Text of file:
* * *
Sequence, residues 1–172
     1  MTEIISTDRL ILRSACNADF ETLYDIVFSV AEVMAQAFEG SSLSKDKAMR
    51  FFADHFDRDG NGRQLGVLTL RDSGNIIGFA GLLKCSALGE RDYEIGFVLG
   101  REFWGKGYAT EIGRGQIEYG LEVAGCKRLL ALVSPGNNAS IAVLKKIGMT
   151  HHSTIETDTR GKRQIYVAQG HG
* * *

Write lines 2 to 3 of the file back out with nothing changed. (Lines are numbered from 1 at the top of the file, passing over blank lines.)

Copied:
     1  MTEIISTDRL ILRSACNADF ETLYDIVFSV AEVMAQAFEG SSLSKDKAMR
    51  FFADHFDRDG NGRQLGVLTL RDSGNIIGFA GLLKCSALGE RDYEIGFVLG